The tax code allows the partnership (LLC) to deduct its guaranteed payments.
If You Are an S Corporation Shareholder-Employee
If you are a shareholder employee who owns more than 2 percent of the S corporation, the health insurance policy can be either in the name of the S corporation or in your own name. You can pay the premiums yourself, or the S corporation can pay them and report the premium amounts on your Form W-2 as additional taxable wages.
But if the policy is in your name and you pay the premiums yourself as you would for your Medicare coverage, the IRS says the S corporation must reimburse you and report the premium amounts on your Form W-2 as additional taxable wages. Otherwise, the IRS says the insurance won’t be considered established for your business.
What about a Spouse’s Medicare?
In guidance, the IRS makes it clear that the S corporation and the partnership can reimburse to the shareholderemployee the spouse’s Medicare payments, and that reimbursement establishes the insurance in the business’s name. The S corporation then adds the reimbursement to the shareholder’s W-2, and the partnership treats the reimbursement to the partner as a guaranteed payment.
The treatment described above creates the tax deduction for the spouse’s cost of Medicare (including supplemental insurance).
If you operate as a proprietorship, we recommend having the proprietorship reimburse the nonowner spouse to establish the Medicare insurance in the name of the business.
Do the Two-Step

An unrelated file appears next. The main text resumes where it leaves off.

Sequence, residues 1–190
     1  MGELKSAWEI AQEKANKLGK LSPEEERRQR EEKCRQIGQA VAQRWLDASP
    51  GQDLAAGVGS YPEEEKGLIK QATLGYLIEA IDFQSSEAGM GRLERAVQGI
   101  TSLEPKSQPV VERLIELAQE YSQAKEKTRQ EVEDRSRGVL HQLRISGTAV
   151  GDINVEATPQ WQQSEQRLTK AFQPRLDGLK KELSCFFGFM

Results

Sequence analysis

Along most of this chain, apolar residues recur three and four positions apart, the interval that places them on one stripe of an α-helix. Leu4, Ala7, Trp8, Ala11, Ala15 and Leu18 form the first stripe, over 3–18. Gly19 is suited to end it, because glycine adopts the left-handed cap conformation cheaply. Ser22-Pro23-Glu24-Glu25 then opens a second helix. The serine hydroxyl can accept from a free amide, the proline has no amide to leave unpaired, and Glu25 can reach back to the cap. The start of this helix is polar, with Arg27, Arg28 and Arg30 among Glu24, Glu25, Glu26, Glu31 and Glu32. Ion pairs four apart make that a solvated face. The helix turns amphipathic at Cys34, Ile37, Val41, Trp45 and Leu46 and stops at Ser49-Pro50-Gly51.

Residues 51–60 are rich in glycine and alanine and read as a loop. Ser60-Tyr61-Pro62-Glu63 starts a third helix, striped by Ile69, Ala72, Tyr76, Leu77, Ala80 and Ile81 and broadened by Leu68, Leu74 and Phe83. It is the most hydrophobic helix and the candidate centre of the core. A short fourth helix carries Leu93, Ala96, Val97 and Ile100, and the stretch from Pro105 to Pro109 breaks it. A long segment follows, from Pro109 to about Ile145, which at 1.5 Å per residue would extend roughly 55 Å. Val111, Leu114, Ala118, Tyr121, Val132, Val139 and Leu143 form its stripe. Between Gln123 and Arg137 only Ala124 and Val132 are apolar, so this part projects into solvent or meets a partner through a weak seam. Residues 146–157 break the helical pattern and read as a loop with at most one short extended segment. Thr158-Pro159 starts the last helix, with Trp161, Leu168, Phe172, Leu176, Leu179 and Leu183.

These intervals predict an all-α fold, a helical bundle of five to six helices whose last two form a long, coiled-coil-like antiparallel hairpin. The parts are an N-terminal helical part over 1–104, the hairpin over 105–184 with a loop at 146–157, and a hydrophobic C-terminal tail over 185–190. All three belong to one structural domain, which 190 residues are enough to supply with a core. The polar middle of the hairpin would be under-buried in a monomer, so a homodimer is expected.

Some tax professionals say that the premiums you pay for Medicare insurance in your own name can be used to figure the above-the-line deduction for self-employed health insurance without this two-step drill.
We don’t see that at all. We recommend that you have the partnership or S corporation reimburse the Medicare premiums to you and report them as guaranteed payments on your Schedule K-1 or as additional wages on your W-2.
Third Best: Itemized Deductions
As a business owner who falls into the self-employed health insurance deduction category, you could use your Medicare premiums as itemized deductions if:
- you or your spouse is eligible for health coverage from another employer, or
- your business shows a tax loss for the year.
And once you have itemized deductions, the question is are you itemizing? If not, there’s no benefit.
If you itemize your deductions, you have to look at the floors on your medical deductions to see whether you realize any tax benefits:
- For 2018, you can claim itemized medical expenses only to the extent that your total qualifying medical expenses exceed 7.5 percent of your adjusted gross income.
- For 2019, the deduction threshold rises to 10 percent of your adjusted gross income.
Medicare and supplemental health insurance premiums can add up to a healthy sum, especially if you’re a high earner and both you and your spouse are paying the premiums. That’s the bad news.
The good news is that with some planning, you likely can deduct the premiums as either
- business expenses, or
- self-employed health insurance on your Form 1040.
With reimbursement for your spouse, as we explained in this article, you also can deduct your spouse’s Medicare and supplemental insurance premiums.